All of the fights that take place in our largely redundant and pointless county government center around the very small (8 – 12%) of the budget that’s discretionary. That’s what most of our anger and derision flows from.  Given that this percentage is so small, it’s best for everyone – politicians and the community-at-large – if it’s spent thoughtfully, if at all. Instead, the incumbent County Executive has hyper-politicized the funding of libraries and cultural organizations rather than used real merit or apolitical considerations. Collins needlessly created a funding crisis for the county libraries out of whole cloth, which he’d prefer to resolve through a brand-new tax and special taxing district; just the sort of authority-creation that New York State is trying to abolish. That’s old-style spendthrift liberal thinking. It lazily shunts responsibility off of the county and on to some other entity, whether it be a new tax and bureaucracy, or the towns.

Remember – when it comes down to brass tacks, we like these services that we get with our taxes. It’s only in the abstract that we yell about taxes, until we’re reminded what they pay for.

Likewise, the process to fund cultural organizations shouldn’t be at the County Executive’s whim; it shouldn’t be, as it is now, just a newer version of old-style spendthrift liberal thinking like the member items of yore. Instead, Poloncarz would return that duty to the apolitical, non-partisan Erie County Cultural Resources Advisory Board, or ECCRAB. It was a system with which everyone was on board, and it took politics out of the equation. We didn’t have the huge fights then that we have now, as Collins artificially picks winners and losers with zero input from public stakeholders.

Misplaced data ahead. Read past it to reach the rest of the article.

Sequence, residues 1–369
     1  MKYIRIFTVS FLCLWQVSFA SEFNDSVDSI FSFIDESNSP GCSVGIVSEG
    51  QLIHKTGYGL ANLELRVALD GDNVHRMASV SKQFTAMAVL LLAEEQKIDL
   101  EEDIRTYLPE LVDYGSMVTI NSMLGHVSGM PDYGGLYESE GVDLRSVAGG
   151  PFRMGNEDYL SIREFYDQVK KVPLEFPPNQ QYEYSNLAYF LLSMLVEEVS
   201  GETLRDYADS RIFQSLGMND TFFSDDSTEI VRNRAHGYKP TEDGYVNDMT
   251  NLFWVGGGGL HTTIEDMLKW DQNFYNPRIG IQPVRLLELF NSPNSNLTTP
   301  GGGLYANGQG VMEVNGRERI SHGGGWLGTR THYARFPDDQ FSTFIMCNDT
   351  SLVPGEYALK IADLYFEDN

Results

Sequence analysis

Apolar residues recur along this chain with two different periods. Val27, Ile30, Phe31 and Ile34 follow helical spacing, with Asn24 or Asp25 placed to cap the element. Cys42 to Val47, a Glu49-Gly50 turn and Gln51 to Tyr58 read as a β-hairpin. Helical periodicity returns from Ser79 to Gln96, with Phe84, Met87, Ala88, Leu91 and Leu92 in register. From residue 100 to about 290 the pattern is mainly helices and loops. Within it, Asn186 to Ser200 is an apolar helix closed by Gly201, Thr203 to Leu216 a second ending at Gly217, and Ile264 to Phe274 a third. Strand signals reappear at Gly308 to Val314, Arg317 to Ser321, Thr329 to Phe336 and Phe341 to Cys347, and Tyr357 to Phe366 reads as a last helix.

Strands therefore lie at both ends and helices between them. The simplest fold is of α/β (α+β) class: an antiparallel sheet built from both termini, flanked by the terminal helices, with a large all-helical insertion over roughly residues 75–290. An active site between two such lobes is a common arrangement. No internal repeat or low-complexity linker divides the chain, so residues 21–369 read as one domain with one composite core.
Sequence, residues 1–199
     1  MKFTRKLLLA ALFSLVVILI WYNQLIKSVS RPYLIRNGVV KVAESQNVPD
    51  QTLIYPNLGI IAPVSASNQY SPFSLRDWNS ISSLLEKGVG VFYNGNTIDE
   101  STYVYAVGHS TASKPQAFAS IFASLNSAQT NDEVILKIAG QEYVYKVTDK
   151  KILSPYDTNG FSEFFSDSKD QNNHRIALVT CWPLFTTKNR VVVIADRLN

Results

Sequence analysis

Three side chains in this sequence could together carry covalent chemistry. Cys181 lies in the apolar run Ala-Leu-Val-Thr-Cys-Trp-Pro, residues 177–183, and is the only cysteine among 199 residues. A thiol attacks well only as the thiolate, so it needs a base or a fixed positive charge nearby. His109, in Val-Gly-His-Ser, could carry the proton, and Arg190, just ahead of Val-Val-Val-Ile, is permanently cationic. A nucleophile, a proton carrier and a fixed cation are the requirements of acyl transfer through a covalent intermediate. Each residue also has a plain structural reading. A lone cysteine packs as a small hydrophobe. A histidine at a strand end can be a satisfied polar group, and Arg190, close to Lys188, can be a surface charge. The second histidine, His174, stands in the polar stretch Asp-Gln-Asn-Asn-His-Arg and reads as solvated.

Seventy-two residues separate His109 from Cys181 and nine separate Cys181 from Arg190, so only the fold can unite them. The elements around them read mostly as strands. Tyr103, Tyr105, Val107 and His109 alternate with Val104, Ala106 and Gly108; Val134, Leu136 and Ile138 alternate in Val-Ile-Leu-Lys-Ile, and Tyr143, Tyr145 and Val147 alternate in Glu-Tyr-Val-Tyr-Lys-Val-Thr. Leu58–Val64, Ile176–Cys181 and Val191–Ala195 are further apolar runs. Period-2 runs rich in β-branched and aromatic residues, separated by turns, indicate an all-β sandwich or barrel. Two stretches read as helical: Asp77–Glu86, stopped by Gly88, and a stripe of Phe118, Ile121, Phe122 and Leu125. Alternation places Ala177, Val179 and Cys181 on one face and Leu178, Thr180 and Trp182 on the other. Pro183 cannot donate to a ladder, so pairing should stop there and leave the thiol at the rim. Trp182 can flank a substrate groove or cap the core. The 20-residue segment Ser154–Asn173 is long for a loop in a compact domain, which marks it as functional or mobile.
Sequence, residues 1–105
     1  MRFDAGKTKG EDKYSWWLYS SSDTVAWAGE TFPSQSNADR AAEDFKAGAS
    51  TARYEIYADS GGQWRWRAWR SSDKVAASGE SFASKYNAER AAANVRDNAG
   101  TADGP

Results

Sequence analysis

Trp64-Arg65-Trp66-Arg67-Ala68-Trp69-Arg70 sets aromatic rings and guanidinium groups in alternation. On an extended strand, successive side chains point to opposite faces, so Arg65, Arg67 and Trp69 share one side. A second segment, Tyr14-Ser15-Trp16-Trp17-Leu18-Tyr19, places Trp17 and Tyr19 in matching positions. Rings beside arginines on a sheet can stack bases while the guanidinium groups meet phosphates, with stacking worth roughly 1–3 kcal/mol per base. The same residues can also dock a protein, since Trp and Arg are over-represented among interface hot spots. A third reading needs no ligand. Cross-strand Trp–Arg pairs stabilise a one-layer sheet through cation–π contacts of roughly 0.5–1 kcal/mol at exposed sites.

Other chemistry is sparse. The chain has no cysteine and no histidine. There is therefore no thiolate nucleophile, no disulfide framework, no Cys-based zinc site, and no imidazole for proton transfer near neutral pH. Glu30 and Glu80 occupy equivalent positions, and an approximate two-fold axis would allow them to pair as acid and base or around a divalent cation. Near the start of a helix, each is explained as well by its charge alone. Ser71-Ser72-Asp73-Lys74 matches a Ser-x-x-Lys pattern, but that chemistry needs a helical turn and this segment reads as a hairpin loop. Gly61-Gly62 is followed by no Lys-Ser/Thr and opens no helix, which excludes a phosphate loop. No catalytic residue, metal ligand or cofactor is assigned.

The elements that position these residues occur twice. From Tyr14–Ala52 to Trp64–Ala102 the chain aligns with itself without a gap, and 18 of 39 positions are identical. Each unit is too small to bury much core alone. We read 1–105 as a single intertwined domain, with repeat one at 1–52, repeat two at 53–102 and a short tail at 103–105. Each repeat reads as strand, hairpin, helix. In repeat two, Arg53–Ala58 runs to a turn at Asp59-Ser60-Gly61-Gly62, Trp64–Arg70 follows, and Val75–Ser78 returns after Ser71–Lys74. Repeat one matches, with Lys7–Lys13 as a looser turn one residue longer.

Finally, Collins is nothing more than an old-fashioned tax & spend liberal. Although Collins likes to say he’s looking out for the taxpayers, he’s raised taxes on us, and gone to court to prevent the legislature from keeping those hikes lower. Although he says he’s careful with our money, he’s spent millions on his friends and cronies, without regard to results or merit. Although Collins likes to seem as if he’s a good government type, he’s in ongoing violation of the county charter in terms of providing monthly budget monitoring reports. Although Collins says he’s trying to create a brighter future, he maintains the tired, failed status-quo when it comes to attracting and keeping businesses in western New York; he eschews the notion of IDA consolidation, and hasn’t set up a one-stop-shop for businesses to use when considering a move to our region.

For someone who promised to run the county like a business, why has he behaved like that?

So, on Tuesday, I’ll join Governor Cuomo, Senator Schumer, Senator Gillibrand, Representatives Higgins and Hochul, and Mayor Byron Brown to vote for Mark Poloncarz for County Executive.

2. County Clerk: Maria Whyte